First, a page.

We have also learned a lot about organizing a stand for a conference: beer is good, you need more flyers than you think and it’s stressful but satisfying.

If you want to be up to date about the project, follow

I’m very happy to tell that apparently a few people of our indian community have managed to get a stand and a talk at FOSSASIA later this year. If you didn’t make it to FOSDEM and live over there – be sure to drop by, talk to them and grab a drink.


9 responses on “coala at FOSDEM 2016

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  2. Anon

    How does coala compare to something like firehose ( )? From what I can see both have the ability to wrap existing static analysis tools but is coala’s intended purpose to be used interactively (with the option to suggest/apply fix ups) rather than homogenizing and collecting results?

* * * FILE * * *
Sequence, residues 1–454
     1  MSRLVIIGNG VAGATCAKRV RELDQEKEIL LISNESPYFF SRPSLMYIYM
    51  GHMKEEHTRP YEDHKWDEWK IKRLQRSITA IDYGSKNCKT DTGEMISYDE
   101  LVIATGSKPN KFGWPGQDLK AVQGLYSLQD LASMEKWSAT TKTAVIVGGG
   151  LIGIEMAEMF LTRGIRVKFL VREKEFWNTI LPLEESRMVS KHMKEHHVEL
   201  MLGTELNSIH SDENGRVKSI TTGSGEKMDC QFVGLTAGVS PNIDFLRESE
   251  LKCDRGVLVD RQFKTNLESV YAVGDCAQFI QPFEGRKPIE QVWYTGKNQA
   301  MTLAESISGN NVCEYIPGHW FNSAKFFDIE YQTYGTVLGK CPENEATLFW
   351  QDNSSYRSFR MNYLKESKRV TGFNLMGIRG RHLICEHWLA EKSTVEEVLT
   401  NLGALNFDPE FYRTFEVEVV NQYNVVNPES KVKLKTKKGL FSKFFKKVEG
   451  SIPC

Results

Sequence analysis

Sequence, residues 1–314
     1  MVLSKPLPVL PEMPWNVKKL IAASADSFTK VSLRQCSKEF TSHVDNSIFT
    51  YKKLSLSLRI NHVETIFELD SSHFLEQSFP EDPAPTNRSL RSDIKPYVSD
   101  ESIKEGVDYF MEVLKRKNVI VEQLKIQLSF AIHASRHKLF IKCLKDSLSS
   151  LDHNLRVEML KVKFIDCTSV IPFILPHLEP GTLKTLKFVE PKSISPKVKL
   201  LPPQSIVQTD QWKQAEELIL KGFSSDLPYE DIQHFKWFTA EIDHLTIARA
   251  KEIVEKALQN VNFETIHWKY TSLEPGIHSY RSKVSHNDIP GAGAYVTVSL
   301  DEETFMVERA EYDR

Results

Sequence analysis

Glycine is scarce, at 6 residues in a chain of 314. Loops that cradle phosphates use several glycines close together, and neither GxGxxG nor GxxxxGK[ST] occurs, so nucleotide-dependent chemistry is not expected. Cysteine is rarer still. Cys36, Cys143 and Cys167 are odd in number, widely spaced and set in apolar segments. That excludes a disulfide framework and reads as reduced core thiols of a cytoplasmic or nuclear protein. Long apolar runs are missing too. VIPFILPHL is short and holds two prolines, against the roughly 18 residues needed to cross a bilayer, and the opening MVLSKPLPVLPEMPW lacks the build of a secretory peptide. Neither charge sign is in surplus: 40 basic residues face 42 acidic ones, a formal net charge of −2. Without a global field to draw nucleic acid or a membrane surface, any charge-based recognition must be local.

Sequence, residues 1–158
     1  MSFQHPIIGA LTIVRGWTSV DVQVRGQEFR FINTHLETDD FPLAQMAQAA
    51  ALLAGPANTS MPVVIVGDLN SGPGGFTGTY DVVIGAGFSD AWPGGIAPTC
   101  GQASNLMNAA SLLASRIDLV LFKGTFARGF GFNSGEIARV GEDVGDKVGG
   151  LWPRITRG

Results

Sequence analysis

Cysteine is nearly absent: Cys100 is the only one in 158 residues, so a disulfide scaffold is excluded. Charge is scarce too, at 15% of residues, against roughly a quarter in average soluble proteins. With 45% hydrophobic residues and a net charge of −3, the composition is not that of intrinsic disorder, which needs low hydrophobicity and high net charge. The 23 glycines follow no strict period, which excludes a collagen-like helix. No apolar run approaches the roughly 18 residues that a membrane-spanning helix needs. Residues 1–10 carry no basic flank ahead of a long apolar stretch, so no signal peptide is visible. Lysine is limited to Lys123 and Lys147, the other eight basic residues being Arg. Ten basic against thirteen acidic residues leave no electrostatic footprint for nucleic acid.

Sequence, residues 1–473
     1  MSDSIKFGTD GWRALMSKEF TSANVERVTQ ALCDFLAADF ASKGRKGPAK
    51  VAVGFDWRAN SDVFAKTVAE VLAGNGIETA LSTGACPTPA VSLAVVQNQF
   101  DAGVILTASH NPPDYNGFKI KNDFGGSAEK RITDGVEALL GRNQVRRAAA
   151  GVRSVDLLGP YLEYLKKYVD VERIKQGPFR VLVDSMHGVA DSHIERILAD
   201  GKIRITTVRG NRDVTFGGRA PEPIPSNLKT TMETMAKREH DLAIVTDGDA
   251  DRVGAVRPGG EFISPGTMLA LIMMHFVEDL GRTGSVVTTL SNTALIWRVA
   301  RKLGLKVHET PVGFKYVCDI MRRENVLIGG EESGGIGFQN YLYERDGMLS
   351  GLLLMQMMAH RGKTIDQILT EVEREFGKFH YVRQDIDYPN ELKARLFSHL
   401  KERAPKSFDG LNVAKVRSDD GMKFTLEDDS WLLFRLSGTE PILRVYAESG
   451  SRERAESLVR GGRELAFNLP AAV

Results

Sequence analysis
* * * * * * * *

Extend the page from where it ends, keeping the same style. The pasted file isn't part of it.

1. sils1297

      Hi, thanks for the question!

      coala tries to do a bit more than firehose. Yes, a common API/format in the middle is an important part.

      1. Yes coala supports automatic issue fixing, currently via diffs, we also want to support diff generation functions so e.g. variable renamings can be done interactively with the user.
      2. coala provides various user interfaces – editor plugins, we’re currently creating GitMate which automatically reviews PRs, interactive as well as noninteractive CLIs.
      3. Basically coala is made for creating code analysis. Having something like coala is cool because if you’re doing research on code analysis you just write your logic and coala does the rest – you can rapidly prototype your algorithm and instantly use it in production. Second, you can reuse language independent routines. A routine cutting away trailing whitespace doesn’t have to be rewritten for every language if it can easily be combined with language dependent routines.